Polyphenols, flavonoids, anthocyanins – all antioxidants, but are they different?

Our bodies contain a wide range of antioxidants, some manufactured by our bodies, and some only obtained from the food we eat.  Polyphenols are one of the most commonly occurring antioxidants in the food we eat, particularly in fruit and vegetables.  These are compounds with multiple (poly) phenol groups, chemical ring structures with one or more hydroxyl (OH) groups attached, and called phenyl rings.



Phenyl rings are very good at reacting with free radicals and deactivating their damaging reactivity.  Polyphenols have diverse roles in plants, ranging from being anti-microbial to providing the bright red and blue colours of berries that attract birds to consume the berries and aid dispersal of the berries’ seeds.


There are four different types of polyphenols – flavonoids, phenolic acids, stilbenes and lignans.  Of these flavonoids are by the far the most abundant and are commonly found in fruit and vegetables.  There are over 5000 different flavonoids found in nature.  Some of the most commonly occurring flavonoids include quercetin (onions are a good source), catechins (tea is a good source), proanthocyanidins (grapes are a good source), hesperetin (citrus fruit are a good source) and anthocyanins (berries are a good source).  So an anthocyanin is part of the flavonoid family of polyphenolic antioxidants.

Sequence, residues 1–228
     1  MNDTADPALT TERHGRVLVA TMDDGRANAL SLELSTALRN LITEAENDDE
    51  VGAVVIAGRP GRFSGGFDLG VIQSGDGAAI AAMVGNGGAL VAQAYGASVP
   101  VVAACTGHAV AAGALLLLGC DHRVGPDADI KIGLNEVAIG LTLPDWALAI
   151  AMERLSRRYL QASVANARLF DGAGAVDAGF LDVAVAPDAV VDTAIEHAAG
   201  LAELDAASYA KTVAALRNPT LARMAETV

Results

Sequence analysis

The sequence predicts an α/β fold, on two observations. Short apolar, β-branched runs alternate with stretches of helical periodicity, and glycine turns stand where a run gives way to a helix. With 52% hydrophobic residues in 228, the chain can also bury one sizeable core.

Of all the commonly consumed fruit berries contain the some of the highest levels of polyphenol compounds. These polyphenols are all most entirely flavonoid anthocyanins.  Of all the commonly consumed berries New Zealand blackcurrants have the highest levels of anthocyanins.

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